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|Title:||Factors Controlling Oxygen Depletion in the Hypolimnion|
|Authors:||Rocoski, Charles George|
|Advisor:||Snodgrass, W. J.|
|Keywords:||Chemical Engineering;Chemical Engineering|
|Abstract:||<p>The purpose of this research was to determine the factors controlling oxygen depletion in the water column (more specifically, the hypolimnion).</p> <p>Five factors were hypothesized to be important:</p> <p>1. Soluble organic carbon concentration</p> <p>2. Temperature</p> <p>3. Nutrient concentration</p> <p>4. Initial oxygen concentration</p> <p>5. Algal respiration</p> <p>These factors were related by a two-level Factorial Experimental Design. Two separate but related Designs were used to "block" and "average" the effects, allowing for differentiation between main effects (for example, temperature) and two-factor interactions (for example, the combined effect of soluble organic carbon concentration and temperature).</p> <p>Four bodies of water (Hamilton Harbour, Guelph reservoir, Red Chalk Lake, and Chub Lake) were tested. The results show that in all cases, except Chub Lake, temperature is the most important factor controlling oxygen depletion. Soluble organic carbon concentration is the most important variable in Chub Lake. The second most important variables are: soluble organic carbon concentration in Hamilton Harbour and Red Chalk Lake, temperature in Chub Lake and the initial oxygen concentration in the Guelph Reservoir. The remaining factors have varying degrees of importance depending on the water body. This suggests that biodegradation is not limited by nutrients and that algal respiration is a small component of oxygen consumption.</p> <p>In addition to these main studies, Temperature and Oxygen Kinetics were also investigated. The Temperature Kinetic experiments showed that higher temperatures produce higher oxygen uptake rates. The Oxygen Kinetic experiments showed no trends except when Hamilton Harbour water was tested. In Hamilton Harbour, higher initial oxygen concentrations produced higher oxygen uptake rates.</p> <p>It is proposed that the Experimental Design represents a bioassay on oxygen consumption. It represents quantification of biodegradation under standard conditions. The relative magnitudes of oxygen consumption under these standard conditions correlate with empirical ideas of degradability of organics in the different water bodies. More work is required to refine the scaling of factors selected, seasonal variability, etc.</p>|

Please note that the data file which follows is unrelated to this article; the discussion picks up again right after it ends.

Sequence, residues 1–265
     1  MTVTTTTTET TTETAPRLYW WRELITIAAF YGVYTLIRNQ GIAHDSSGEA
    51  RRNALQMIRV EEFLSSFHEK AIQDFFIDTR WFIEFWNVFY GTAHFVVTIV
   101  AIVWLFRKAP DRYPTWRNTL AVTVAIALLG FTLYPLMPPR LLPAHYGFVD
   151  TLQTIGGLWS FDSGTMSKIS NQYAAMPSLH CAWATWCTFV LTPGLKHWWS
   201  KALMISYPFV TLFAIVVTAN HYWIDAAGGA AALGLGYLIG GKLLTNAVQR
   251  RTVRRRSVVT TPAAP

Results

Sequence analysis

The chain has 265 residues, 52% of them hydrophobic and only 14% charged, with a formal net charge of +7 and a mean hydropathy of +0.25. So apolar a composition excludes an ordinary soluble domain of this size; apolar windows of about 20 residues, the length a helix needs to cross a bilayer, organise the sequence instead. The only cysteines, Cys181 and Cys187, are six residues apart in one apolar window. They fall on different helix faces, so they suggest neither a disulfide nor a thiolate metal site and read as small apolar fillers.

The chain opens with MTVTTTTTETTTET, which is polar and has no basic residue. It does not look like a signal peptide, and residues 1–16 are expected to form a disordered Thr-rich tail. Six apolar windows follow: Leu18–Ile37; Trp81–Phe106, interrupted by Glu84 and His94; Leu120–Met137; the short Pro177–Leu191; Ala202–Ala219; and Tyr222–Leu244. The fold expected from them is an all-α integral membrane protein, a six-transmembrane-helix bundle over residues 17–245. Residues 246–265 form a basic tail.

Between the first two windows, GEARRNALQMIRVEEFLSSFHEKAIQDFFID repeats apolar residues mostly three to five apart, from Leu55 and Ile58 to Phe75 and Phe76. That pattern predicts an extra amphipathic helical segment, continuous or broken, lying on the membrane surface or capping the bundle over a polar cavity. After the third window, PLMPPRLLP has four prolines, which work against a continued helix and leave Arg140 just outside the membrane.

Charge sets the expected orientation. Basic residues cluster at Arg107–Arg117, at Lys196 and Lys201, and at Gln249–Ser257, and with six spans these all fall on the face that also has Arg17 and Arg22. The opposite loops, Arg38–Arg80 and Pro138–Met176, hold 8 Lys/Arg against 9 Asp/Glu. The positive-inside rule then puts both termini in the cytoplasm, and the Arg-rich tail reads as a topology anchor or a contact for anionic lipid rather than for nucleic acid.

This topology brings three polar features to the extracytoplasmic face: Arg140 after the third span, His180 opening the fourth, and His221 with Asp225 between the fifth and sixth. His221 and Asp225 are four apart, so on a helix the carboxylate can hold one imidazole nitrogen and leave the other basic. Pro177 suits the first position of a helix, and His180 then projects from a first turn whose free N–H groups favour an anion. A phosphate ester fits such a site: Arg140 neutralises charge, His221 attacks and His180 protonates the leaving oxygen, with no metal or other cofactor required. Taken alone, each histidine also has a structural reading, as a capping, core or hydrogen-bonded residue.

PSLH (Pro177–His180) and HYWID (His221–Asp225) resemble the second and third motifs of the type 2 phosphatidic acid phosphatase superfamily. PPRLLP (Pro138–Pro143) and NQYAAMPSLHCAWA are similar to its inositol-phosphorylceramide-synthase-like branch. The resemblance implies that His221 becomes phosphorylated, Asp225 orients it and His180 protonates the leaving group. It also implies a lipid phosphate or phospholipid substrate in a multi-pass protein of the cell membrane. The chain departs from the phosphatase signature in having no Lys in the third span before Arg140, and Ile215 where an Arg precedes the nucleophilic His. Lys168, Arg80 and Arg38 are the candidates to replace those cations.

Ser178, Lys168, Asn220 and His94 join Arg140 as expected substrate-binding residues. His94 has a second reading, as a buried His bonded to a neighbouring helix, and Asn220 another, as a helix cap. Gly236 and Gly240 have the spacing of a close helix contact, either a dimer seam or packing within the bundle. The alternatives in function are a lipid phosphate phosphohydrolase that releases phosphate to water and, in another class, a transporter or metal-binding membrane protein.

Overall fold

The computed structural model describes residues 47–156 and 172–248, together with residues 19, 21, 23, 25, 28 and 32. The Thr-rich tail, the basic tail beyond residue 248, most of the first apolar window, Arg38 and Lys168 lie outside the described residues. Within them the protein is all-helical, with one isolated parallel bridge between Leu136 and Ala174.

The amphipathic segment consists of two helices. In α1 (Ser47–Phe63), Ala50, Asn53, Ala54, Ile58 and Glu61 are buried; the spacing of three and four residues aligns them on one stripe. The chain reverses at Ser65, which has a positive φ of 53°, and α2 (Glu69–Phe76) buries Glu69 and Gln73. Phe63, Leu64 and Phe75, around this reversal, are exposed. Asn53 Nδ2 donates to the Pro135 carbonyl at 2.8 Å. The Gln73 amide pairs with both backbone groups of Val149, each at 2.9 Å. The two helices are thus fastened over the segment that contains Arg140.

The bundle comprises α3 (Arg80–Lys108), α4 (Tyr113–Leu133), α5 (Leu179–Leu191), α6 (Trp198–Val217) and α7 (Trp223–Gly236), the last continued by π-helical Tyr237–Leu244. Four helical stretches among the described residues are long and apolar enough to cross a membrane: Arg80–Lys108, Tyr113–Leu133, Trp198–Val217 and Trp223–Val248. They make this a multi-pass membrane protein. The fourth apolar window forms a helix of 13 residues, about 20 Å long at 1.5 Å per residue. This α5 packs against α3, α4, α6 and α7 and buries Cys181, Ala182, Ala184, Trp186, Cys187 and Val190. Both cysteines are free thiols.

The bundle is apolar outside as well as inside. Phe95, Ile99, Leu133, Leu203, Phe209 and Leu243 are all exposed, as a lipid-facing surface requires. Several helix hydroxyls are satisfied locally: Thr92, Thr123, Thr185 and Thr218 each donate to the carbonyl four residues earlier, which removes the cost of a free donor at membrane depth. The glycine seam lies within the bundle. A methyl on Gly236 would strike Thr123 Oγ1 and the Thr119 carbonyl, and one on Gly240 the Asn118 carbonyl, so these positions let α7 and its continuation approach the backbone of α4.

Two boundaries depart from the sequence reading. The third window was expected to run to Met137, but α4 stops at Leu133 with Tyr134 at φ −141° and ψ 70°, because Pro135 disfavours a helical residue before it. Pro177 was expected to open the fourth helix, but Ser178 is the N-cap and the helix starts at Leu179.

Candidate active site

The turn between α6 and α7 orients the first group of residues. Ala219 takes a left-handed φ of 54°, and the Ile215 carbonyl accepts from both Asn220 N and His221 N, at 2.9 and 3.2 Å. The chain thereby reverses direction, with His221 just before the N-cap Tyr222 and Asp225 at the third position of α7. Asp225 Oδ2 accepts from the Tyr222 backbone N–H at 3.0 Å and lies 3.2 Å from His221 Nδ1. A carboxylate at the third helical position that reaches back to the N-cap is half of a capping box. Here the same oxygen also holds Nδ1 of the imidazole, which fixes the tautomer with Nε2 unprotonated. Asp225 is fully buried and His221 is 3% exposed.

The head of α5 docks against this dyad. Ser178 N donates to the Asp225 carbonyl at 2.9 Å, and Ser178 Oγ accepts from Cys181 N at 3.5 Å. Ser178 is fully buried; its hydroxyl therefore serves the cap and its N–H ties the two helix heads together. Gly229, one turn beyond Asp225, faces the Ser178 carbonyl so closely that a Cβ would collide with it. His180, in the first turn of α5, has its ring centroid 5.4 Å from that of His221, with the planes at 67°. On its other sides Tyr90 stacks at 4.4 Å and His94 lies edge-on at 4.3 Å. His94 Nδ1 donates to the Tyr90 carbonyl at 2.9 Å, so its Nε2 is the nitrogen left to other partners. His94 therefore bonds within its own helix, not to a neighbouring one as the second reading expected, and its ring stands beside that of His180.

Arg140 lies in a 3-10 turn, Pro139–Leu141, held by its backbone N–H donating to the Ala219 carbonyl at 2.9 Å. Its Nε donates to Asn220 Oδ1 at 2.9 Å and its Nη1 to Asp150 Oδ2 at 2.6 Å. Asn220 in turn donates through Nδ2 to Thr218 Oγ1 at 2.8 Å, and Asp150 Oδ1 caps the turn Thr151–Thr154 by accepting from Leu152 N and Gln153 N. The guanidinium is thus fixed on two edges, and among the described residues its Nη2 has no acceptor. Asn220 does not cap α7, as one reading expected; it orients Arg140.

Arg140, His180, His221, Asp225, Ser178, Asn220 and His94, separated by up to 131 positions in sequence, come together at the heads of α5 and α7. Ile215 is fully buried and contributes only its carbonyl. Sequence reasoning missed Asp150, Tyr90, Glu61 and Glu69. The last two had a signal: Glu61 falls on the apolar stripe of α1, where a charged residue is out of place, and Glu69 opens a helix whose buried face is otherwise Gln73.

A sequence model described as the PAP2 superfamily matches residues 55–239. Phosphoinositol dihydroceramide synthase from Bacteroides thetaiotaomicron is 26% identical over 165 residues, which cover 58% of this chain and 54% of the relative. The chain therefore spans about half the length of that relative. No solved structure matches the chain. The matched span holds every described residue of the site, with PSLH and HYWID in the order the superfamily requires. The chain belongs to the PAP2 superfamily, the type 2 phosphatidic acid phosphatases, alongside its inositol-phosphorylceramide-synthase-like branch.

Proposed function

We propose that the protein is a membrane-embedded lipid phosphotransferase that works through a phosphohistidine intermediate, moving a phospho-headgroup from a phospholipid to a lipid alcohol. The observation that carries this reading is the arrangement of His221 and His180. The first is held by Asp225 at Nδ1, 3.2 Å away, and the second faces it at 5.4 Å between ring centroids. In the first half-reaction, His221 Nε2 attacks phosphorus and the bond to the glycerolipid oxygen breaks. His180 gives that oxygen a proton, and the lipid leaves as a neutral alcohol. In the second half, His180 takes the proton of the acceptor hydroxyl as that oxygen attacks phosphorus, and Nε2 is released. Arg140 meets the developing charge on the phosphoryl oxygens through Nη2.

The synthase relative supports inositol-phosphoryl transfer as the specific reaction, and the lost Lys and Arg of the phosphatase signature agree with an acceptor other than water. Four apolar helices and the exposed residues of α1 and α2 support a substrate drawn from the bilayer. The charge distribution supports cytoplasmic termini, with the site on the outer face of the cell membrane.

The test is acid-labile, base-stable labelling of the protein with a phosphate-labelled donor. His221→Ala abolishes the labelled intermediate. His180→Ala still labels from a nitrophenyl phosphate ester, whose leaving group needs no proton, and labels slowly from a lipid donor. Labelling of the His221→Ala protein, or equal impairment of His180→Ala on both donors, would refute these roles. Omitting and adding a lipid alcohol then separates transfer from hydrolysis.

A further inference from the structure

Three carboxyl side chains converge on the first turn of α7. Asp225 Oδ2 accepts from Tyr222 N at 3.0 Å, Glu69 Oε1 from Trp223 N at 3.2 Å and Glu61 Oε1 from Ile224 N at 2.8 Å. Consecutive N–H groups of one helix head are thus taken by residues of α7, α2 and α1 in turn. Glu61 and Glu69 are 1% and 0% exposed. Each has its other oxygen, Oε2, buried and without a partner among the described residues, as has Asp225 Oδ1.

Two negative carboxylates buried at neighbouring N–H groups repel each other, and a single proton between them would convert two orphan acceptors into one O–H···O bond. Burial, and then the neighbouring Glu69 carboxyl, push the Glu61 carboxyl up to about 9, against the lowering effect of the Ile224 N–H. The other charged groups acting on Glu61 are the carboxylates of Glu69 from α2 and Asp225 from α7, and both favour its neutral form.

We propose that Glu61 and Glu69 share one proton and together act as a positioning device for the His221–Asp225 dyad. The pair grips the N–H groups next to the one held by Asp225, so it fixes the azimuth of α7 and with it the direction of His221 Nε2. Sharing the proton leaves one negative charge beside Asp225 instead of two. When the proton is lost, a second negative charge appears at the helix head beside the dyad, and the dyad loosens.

|Appears in Collections:||Open Access Dissertations and Theses|
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